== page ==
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Cell Communication

Caffeine ingestion Why caffeine ingestion leads to heightened alertness and sleeplessness? Networks of communication between cells can be even more complicated than the World Wide Web. In humans, caffeine acts as a central nervous system stimulant, temporarily warding off drowsiness and restoring alertness. It is the world's most widely consumed psychoactive drug. The result of caffeine ingestion is increased release of norepinephrine (noradrenaline) from sympathetic nerves, elevated adrenaline release from the adrenal medulla and higher dopamine signaling in the basal ganglia. All in all, your body ends up more alert and primed for action. All this process is nothing but cell to cell communication. What does a “talking” cell say to a “listening” cell? Let's try to resolve these questions by studying this topic.

Learning Objectives

After completing the topic, the student will be able to:

  • Predict what happens if cells does not communicate with each other and appreciate the importance of this phenomenon.
  • Discuss and illustrate how cell communication acts as a cellular internet in our body.
  • Define cell signaling and understand the molecular events of this phenomenon.
  • Analyze how external signals are converted into responses within the cell.
  • List the different types of cell signaling mechanisms.
  • Define and distinguish local and long distance cell signaling.
  • Define and co–relate the terms paracrine, synaptic and endocrine signaling.
  • Explore and illustrate the molecular details involved in the three stages of cell signaling.
  • Define signal transduction pathway and understand the basic principles behind this phenomenon.
Communication in day-to-day life Communication in day-to-day life Cell communication, like our day-to-day communication, is possible with sending and receiving signals.

Communication plays a key role in every one's life in the form of mobile phones, internet, e-mails etc., and no one would deny the importance of communication in day-to-day life. The role of communication at cellular level is equally critical as it is absolutely an essential part in multicellular organisms (humans).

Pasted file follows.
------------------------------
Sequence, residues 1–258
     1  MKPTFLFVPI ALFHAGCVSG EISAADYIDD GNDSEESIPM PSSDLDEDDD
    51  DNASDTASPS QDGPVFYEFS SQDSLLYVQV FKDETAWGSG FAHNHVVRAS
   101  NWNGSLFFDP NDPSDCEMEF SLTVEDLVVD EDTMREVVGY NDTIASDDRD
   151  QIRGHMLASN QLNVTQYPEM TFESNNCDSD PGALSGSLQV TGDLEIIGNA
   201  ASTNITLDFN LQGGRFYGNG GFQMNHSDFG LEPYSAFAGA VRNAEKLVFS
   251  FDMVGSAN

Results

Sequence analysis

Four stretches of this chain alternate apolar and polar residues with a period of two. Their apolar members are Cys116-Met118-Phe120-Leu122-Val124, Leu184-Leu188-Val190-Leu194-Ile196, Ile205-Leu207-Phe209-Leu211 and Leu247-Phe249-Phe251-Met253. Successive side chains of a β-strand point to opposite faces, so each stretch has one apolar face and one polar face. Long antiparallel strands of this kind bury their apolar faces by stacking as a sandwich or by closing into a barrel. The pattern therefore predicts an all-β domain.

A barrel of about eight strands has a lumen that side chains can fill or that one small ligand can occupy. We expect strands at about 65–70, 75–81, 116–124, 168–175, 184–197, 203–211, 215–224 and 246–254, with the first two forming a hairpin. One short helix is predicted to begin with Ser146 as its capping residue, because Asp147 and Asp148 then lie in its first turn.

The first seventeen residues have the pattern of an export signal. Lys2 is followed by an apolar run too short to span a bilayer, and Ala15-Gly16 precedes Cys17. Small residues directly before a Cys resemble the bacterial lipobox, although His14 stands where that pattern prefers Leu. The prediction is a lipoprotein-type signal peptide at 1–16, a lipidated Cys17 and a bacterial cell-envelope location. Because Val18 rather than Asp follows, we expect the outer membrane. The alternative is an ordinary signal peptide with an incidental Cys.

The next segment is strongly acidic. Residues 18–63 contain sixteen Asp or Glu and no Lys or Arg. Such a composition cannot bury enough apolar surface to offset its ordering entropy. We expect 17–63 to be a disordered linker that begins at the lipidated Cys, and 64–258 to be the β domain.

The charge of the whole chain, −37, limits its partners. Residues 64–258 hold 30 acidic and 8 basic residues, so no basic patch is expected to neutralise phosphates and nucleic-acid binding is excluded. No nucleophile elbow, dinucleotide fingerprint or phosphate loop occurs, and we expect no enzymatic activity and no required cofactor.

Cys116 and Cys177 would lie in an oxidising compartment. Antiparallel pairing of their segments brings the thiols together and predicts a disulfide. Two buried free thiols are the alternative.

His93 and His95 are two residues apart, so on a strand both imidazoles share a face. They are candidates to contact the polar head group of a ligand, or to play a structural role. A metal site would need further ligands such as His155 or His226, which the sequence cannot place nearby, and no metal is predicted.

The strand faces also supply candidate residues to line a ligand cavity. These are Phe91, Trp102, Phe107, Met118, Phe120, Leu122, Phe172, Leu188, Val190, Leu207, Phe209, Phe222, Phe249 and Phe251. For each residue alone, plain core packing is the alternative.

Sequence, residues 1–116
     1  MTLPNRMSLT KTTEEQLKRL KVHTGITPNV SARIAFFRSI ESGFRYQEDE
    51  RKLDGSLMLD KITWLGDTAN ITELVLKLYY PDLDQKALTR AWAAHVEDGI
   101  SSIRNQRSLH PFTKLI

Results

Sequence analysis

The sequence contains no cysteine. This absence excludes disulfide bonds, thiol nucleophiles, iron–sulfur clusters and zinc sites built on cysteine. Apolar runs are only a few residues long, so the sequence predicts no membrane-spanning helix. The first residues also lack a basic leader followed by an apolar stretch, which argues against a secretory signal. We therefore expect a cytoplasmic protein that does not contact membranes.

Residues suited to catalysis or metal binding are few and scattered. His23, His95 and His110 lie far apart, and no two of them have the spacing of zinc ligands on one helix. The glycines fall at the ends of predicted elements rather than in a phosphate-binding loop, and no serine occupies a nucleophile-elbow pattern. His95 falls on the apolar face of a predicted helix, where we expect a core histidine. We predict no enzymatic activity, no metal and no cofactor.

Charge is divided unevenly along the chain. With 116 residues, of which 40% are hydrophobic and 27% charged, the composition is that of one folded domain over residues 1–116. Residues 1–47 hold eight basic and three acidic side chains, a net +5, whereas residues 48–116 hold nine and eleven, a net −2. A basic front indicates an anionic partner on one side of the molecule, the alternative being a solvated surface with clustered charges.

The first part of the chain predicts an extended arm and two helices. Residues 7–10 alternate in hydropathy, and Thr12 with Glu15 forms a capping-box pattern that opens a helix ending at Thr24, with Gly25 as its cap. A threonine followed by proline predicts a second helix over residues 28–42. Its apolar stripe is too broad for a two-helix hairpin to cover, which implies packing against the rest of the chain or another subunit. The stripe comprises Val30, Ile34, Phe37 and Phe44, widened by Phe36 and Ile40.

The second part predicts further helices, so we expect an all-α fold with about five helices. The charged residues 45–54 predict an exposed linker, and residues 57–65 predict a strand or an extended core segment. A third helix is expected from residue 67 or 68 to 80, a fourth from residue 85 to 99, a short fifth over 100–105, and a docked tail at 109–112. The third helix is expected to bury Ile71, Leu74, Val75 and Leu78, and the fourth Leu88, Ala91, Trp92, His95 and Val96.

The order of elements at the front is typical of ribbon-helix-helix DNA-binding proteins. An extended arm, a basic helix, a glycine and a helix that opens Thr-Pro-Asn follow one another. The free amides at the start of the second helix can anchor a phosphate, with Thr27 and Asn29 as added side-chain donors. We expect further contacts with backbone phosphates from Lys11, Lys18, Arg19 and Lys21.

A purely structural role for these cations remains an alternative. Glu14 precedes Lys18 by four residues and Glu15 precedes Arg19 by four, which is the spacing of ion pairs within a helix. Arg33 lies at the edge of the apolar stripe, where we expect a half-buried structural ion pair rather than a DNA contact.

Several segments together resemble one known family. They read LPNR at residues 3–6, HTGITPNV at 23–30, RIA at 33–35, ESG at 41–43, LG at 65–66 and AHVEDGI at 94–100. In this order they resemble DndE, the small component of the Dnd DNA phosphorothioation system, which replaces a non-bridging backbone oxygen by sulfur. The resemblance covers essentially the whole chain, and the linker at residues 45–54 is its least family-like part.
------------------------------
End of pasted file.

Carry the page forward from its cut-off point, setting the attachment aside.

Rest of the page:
It is known that trillions of cells together communicate each other to coordinate their activities. There are many examples of cell to cell signaling in our human body. For example; the ability of cells to perceive and correctly respond to their microenvironment is the basis of development, tissue repair, and immunity as well as normal tissue homeostasis. Errors in cellular information processing are responsible for diseases such as cancer, autoimmunity, and diabetes.

The interactions between organisms may range from cooperative to antagonistic, which is true for single-celled organisms as well as individual cells that make up multicellular organisms. This cooperation among individuals cell is more likely due to the genetic similarity of the cells.

Molecular model of Serotonin Molecular model of Serotonin Serotonin molecule is a nerve signaling chemical (serotonin: 5-hydroxytryptamine). Serotonin is an important brain signaling molecule and lack of it results in depression and other mood disorders.
Types of cell communication

Most cell-to-cell communication involves a kind of chemical signaling, that includes

  • Chemicals that allow easy diffusion between cells,
  • Chemicals that are received by a cell through cell-to-cell contact, and
  • Chemicals that freely diffuse from one cell's cytoplasm to another's via junctions that directly link the cytoplasm of adjacent cells.

A local regulator is a chemical signal that influences only the neighboring cells whereas hormones are chemical signals that diffuse systemically (diffusion through and are carried by blood and lymph as well as the intercellular space/extracellular matrix) and influence the long distance cells.

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